Q A competitor is interested in buying my one-year-old company, which should be profitable in April. How much information should I reveal to him?
Chris Reese, i3 Voice & Data, Houston
As CEO of Staples, I always saw it as my role to create multiple options, each of which could result in success. You never want an external force--an interested buyer, say--to control your destiny. The fact that you are about to become profitable is critical. Once you are in the black, you have far greater influence over your future than when you are in continual money-raising mode. You can now tell potential buyers and investors that you do not need their money.
That said, a direct competitor often represents the ideal exit strategy for an entrepreneur because your rival fully appreciates all the good things (and bad things) about your business. As a result, there is no need to give your rival lots of information; he knows what he's getting into. He should be able to give you a pretty firm indication of the price he's willing to pay based simply on your company's sales history and forecasts.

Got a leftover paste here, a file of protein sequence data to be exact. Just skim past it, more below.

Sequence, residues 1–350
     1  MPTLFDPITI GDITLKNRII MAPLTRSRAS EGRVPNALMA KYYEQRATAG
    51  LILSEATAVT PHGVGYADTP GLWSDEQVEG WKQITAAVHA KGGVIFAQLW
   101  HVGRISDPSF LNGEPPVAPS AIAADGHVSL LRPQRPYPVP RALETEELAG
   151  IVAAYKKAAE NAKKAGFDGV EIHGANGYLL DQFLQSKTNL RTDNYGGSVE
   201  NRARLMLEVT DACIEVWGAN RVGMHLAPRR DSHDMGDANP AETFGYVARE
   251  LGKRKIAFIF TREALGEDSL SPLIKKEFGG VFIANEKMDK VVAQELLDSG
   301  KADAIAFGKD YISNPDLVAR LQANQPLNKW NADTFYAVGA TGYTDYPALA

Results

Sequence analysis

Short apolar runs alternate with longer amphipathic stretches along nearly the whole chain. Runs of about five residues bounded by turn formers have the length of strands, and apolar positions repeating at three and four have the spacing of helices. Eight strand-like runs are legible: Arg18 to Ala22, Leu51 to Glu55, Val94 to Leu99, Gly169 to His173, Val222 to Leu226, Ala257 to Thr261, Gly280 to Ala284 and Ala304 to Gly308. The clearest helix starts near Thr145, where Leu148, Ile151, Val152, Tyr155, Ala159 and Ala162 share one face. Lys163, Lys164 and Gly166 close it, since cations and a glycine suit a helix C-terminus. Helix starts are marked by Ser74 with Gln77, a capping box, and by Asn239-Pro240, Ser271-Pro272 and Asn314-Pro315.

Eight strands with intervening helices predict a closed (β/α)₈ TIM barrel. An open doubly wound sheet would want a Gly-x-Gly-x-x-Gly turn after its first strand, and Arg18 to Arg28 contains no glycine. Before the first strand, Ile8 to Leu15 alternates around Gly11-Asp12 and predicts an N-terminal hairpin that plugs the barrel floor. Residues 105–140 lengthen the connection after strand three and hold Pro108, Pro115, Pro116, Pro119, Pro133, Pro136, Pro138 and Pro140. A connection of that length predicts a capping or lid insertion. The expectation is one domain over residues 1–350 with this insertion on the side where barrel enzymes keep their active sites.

In no case should you reveal proprietary information, such as the names of your customers, until you have a binding agreement. What is to stop your competitor from stealing one of those customers? After your rival has given you a firm indication of the price he's willing to pay, and you have signed a binding agreement--subject to due diligence--then it is appropriate for him to study your customer relationships. After all, he'll want to make sure that none of your customers are about to dump you. To cover your bases, include a line in the binding agreement specifying that if the deal does not close, your competitor may not solicit your employees or your customers for a couple of years.
Coming Up: Bill Samuels, president of Maker's Mark
Need advice about branding your business or handling succession issues? Ask Bill Samuels by e-mailing firstname.lastname@example.org. Then look for his answer in the April issue of Inc.